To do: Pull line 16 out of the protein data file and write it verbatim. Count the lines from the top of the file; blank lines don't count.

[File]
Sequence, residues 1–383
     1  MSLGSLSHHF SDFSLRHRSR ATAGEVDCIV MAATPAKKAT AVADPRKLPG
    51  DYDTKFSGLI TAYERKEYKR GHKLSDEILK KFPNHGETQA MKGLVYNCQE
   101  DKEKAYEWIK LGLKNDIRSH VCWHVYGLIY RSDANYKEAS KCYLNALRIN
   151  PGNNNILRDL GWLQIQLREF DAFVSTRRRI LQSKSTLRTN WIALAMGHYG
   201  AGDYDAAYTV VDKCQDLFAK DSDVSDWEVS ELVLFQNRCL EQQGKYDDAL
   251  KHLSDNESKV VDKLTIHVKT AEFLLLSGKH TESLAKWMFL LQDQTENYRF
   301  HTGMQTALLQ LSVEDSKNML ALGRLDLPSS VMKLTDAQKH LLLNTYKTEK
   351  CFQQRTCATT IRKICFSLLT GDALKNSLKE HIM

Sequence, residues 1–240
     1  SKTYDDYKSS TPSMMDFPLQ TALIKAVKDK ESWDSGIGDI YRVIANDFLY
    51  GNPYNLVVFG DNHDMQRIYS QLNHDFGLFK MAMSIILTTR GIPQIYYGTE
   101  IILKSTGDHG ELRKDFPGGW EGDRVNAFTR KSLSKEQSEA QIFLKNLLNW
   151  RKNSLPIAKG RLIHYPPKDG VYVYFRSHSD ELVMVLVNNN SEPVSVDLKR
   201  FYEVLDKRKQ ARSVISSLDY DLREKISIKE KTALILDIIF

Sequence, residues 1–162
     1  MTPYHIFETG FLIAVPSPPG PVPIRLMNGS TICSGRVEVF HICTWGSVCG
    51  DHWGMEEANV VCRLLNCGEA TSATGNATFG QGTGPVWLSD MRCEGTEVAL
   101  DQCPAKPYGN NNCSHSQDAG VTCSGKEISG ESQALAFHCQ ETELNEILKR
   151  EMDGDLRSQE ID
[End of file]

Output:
Sequence, residues 1–162